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Mathematical models of host-parasite co-evolution

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Schenk,  Hanna
Department Evolutionary Theory, Max Planck Institute for Evolutionary Biology, Max Planck Society;

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Citation

Schenk, H. (2019). Mathematical models of host-parasite co-evolution. PhD Thesis, University of Lübeck, Lübeck.


Cite as: https://hdl.handle.net/21.11116/0000-0003-C9AD-8
Abstract
An important driver of evolution is the selection pressure that results from interactions
between species. One such interaction is the antagonistic relationship
of hosts and parasites, characterised by a strong disadvantage for the host and
an often essential gain for the parasite. This thesis extends various mathematical
models on host-parasite co-evolution by detailing verbally formulated theories
and testing model robustness. The models illuminate biological mechanisms and
provide long term evolutionary dynamics that are hard to capture experimentally.
Within the same population hosts can be differentially susceptible and parasites
are often specific to certain host types. Therefore, those parasites that can
infect the most common host are temporarily the best adapted, but later, when
another host is more common, a different parasite is the momentary winner. The
resulting oscillations of type abundances within a population are called Red Queen
dynamics.
In the first part of this work, Red Queen dynamics are examined under various
mathematical and biological assumptions. Relative changes within a population
are displayed using evolutionary game theory, but including population dynamics
the equations become comparable to the Lotka-Volterra system for predator-prey
dynamics. In the first project, these oscillations show chaotic properties when
the number of types (dimensions) increases and when oscillation amplitudes are
large. In the second project, both constant and changing population size models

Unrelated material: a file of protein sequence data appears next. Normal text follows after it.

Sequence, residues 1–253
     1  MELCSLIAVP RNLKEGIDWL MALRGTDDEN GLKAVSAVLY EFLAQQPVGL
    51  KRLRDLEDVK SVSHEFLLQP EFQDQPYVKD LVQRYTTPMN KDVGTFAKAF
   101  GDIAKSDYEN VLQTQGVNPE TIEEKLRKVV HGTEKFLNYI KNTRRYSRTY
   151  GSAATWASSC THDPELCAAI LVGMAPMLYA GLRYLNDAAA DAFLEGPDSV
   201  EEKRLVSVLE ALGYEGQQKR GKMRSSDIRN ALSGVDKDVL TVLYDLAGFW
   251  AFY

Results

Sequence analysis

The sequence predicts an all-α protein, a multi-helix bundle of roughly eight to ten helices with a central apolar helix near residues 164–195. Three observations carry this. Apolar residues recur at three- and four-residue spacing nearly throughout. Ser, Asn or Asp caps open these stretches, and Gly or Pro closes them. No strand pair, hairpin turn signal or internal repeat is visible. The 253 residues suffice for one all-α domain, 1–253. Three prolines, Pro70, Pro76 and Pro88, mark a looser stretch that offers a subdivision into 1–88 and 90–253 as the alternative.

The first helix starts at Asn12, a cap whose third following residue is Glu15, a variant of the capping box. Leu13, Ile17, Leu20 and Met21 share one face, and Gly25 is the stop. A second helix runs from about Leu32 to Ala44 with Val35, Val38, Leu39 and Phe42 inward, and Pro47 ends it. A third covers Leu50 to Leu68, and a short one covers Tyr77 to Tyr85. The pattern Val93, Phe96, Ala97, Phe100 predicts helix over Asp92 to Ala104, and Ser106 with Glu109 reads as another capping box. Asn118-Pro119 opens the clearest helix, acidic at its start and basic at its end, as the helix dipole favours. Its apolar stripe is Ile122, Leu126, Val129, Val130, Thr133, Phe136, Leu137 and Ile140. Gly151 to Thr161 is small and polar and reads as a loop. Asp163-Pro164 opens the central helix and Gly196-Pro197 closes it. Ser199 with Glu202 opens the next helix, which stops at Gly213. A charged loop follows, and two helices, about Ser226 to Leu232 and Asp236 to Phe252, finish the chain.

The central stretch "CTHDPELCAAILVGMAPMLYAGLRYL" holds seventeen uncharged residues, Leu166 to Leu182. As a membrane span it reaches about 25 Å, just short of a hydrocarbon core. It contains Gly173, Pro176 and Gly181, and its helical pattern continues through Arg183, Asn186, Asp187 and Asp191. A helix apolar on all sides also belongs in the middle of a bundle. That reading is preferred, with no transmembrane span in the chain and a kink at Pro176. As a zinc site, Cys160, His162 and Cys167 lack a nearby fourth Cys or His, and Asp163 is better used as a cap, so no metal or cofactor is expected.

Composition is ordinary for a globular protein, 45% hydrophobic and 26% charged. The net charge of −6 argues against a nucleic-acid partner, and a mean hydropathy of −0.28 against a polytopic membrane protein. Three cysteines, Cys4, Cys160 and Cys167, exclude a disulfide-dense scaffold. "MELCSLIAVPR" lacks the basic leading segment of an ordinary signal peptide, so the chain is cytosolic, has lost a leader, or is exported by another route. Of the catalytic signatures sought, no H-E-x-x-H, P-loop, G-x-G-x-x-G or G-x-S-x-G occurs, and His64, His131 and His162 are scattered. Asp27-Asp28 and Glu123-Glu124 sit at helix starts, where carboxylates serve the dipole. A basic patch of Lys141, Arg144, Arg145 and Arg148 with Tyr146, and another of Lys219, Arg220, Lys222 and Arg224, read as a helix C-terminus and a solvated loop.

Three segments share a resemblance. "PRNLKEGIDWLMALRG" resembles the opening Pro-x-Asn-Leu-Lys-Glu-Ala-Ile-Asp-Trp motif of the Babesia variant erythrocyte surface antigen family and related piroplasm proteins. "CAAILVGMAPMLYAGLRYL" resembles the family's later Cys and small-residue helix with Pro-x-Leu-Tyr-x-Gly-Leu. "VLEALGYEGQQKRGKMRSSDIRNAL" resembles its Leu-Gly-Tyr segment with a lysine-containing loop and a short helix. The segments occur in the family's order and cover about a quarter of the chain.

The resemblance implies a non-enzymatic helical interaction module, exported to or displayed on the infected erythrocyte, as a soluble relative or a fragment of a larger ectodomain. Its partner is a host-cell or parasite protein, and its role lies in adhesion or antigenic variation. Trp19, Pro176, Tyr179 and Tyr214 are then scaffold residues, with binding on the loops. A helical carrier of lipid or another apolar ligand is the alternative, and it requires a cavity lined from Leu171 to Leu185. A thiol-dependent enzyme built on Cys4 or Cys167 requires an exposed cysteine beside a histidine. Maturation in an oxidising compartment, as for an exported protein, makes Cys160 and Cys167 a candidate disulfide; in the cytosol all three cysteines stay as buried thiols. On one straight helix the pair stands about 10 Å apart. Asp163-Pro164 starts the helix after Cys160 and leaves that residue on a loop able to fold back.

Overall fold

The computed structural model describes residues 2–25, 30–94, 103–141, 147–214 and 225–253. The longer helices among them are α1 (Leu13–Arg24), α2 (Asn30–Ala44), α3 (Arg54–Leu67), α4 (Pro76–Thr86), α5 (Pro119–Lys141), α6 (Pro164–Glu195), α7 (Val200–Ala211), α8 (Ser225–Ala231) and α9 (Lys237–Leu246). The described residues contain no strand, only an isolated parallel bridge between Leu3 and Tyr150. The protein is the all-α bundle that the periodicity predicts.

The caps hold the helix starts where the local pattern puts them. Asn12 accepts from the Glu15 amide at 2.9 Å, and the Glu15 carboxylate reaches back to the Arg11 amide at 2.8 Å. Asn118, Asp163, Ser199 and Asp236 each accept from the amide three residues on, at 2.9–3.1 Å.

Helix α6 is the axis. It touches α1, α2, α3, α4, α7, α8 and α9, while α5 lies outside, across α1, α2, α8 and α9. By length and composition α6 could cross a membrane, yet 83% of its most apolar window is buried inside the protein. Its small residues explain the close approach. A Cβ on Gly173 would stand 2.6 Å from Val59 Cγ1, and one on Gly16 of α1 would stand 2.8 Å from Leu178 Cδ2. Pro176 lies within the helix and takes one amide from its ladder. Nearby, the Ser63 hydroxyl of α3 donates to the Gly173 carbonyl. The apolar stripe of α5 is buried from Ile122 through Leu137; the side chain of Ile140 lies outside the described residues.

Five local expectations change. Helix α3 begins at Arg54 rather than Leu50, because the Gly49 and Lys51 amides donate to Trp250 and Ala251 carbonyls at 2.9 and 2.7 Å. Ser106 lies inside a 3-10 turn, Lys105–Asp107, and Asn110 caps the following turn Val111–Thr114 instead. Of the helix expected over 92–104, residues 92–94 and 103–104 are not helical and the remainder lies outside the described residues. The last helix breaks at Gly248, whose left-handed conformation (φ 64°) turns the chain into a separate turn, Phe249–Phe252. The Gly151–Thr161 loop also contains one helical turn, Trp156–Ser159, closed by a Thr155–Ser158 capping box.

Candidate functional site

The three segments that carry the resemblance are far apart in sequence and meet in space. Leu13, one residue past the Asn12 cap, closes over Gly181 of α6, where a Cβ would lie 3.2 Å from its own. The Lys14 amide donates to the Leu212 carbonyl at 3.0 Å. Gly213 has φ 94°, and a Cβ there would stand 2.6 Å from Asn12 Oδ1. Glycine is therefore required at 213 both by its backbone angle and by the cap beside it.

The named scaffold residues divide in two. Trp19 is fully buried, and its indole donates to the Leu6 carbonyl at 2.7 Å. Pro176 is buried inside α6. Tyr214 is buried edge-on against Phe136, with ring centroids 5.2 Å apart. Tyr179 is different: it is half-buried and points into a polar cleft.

are derived from individual interactions and compared for their biological and
mathematical properties. The stochastic dynamics result in diversity loss, which
is sped up in the changing population size models, but can be counteracted by
re-emerging extinct types. The effect is especially unpredictable under intermediate
population sizes, when deterministic attractive dynamics are balanced with
stochastic diffusion.
In the second part, selection pressure on both species either to evade infection
by the parasite or to find new ways to exploit the host is examined separately.
The first project is concerned with the evolution of a bacterial host. Experiments
have shown that the success of phage (parasite) infecting bacteria (host) depends
on the physiological status of the host. Including important dependencies in an
established model for phage infection introduces a bi-stability for the presence of
phage. A numerical invasion analysis reveals that a slow growing bacterial mutant
can invade a resident population of fast growing hosts and in some cases even
remove the phage infection completely.
In the final project, a model for bacterial persistence, a survival strategy of the
parasite, is developed together with empiricists. Bacteria related to Crohn’s disease are compared to harmless bacteria. The strategies of bacteria to form dormant
stages and evade stress are formulated using ordinary differential equations. The
model is fitted to laboratory data to reveal important growth and switch parameters.
The pathogenic bacteria are more stress-resistant and withstand antibiotic
treatment by forming more dormant stages within the human immune system than
their harmless relatives.
Overall, the models presented here showcase the diverse utility of mathematics
and theory in evolutionary biology. Red Queen dynamics are tested for robustness
and discussed for their applicability and implications. The evolutionary advantage
of both host and parasite strategies are mechanistically founded and the final
integration of laboratory data and theoretical reasoning presents a successful interdisciplinary
collaboration.